Polling places are remaining open in some parts of Georgia for at least two extra hours after numerous problems with voting machines and long lines as voters attempted to participate in the state’s primary election on Tuesday.
The contests on the ballot included nationally watched races for Senate and House, but results in the state aren’t expected until late Tuesday night, with some polls kept open until 9 p.m., and voters expected to be standing in lines even after that time.
In Georgia, voters across the state — but especially in and around Atlanta — have encountered long lines and voting delays. Several voters and voting-rights advocates told POLITICO that people waited for hours at polling places where voting materials or machines either didn’t arrive on time or weren’t functioning.
The problems in Georgia also led to a back-and-forth blame game between officials in the state. Secretary of State Brad Raffensperger and his office called the issues “unacceptable” and placed the blame on local election officials in a handful of counties, saying they were ultimately responsible for training poll workers and voters in other parts of the state were able to conduct their election with minimal problems. Officials in those counties fired back that the buck needed to stop with Raffensperger, the state’s chief elections officer.
The most consequential race in Georgia was the Democratic Senate primary. Jon Ossoff entered as the frontrunner, leading by a wide margin in public polls in the closing weeks. But the race will go to a runoff in August if Ossoff cannot capture a majority of the vote. Teresa Tomlinson, the former mayor of Columbus, is considered the likeliest opponent in a potential runoff, though businesswoman Sarah Riggs Amico is also in contention.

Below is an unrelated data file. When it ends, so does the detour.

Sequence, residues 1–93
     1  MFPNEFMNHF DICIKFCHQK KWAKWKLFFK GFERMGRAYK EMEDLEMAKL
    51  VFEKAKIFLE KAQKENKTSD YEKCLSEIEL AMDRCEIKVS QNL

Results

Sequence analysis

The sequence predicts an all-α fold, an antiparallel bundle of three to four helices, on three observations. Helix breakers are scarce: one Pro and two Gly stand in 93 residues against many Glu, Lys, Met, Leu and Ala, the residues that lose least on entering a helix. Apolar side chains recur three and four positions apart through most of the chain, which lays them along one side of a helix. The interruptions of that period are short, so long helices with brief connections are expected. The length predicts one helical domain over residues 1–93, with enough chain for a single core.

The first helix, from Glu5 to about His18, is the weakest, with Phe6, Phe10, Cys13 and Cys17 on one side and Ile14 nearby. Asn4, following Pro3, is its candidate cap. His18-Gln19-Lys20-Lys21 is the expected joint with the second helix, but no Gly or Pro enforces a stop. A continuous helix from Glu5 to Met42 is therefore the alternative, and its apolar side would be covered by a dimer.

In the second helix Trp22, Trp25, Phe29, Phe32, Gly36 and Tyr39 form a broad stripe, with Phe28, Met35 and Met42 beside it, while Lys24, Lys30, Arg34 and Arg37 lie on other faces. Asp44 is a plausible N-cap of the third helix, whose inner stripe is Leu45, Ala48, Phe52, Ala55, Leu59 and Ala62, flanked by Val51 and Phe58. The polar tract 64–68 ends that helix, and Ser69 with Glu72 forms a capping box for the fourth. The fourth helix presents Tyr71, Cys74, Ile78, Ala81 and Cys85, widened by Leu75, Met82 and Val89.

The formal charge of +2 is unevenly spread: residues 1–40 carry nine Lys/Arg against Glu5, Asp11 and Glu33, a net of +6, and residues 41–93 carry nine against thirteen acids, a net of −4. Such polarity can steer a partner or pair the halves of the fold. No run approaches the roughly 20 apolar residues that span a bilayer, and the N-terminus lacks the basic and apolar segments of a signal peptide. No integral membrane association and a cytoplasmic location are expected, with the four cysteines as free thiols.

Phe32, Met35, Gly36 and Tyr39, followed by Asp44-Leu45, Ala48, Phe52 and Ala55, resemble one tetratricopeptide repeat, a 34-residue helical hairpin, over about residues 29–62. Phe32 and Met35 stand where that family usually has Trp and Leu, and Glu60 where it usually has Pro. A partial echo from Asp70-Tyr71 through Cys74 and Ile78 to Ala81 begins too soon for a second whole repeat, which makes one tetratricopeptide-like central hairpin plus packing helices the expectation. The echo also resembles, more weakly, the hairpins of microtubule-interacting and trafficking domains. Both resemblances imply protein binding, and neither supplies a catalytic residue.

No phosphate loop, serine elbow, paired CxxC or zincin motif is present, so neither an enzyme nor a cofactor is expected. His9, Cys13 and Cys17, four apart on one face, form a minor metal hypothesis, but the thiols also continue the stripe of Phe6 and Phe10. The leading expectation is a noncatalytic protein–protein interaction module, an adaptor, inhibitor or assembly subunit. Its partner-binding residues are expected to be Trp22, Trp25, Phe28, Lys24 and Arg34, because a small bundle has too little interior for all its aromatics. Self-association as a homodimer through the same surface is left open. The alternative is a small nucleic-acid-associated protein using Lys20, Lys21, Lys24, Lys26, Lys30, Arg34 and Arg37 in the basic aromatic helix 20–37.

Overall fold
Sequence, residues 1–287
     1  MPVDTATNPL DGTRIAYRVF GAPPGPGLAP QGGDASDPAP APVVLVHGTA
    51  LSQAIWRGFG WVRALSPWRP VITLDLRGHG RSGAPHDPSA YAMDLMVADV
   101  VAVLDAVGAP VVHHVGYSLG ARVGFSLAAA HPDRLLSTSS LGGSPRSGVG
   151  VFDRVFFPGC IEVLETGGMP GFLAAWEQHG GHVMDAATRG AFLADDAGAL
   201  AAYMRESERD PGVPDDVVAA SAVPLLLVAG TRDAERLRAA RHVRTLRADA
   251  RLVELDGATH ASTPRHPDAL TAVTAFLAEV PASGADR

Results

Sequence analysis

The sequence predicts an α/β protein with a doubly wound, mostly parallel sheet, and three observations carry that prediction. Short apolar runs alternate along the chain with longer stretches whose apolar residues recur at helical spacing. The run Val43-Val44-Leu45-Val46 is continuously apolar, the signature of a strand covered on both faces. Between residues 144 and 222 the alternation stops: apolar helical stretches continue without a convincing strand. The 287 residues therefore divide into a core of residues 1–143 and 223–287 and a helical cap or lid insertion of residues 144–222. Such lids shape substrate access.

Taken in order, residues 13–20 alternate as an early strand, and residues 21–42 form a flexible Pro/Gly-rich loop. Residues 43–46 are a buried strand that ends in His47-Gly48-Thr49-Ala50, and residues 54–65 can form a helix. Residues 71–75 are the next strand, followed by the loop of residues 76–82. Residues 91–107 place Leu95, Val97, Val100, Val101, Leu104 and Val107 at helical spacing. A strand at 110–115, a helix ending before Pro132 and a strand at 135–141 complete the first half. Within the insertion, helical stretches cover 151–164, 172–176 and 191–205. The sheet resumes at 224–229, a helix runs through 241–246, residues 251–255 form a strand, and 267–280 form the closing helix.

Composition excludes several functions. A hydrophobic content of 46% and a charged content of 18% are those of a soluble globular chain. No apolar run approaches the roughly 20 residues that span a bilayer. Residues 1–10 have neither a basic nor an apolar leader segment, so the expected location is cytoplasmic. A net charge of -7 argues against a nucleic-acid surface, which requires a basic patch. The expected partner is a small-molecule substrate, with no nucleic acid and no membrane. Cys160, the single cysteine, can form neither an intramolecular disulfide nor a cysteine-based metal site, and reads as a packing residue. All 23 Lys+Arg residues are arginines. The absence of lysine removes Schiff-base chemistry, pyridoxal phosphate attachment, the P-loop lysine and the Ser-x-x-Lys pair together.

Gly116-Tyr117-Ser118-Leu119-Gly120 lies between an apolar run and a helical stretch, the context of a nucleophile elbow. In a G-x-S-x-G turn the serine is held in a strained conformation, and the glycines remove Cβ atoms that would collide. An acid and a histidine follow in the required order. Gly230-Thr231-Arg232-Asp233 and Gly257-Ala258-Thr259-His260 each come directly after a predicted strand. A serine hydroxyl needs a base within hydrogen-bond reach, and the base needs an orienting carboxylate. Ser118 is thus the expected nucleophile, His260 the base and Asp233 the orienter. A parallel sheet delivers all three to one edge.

Ossoff, who lost a high profile House special election in 2017, has run on an anti-corruption message and relied on his fundraising prowess and name identification from the House race to boost his bid. He also has endorsements from Reps. John Lewis and Hank Johnson. Tomlinson has largely run on her experience as mayor, arguing the party should nominate a candidate who has won previous elections and served in government.
National Democrats have not weighed in on the primary, despite their general strategy of endorsing candidates in races that are considered a priority as they seek to win back the Senate. If the race goes to a runoff, it’s unclear whether national Democrats will weigh in on the race.
Regardless of who wins Tuesday or if the race goes to a runoff, Perdue will start with a hefty financial edge. He has $9.4 million in the bank as of May 20, while Ossoff had the most among Democrats with $950,000.
Both parties will choose nominees in two suburban Atlanta House battlegrounds that will feature expensive races this November. In one district, former Rep. Karen Handel (R-Ga.), who beat Ossoff in the 2017 special election, is expected to easily nab the Republican nomination, setting up a rematch with Rep. Lucy McBath (D-Ga.).
McBath, a gun-control advocate whose son was murdered in Florida, beat Handel by 1 point in the midterms, ending Handel’s brief stint in Congress.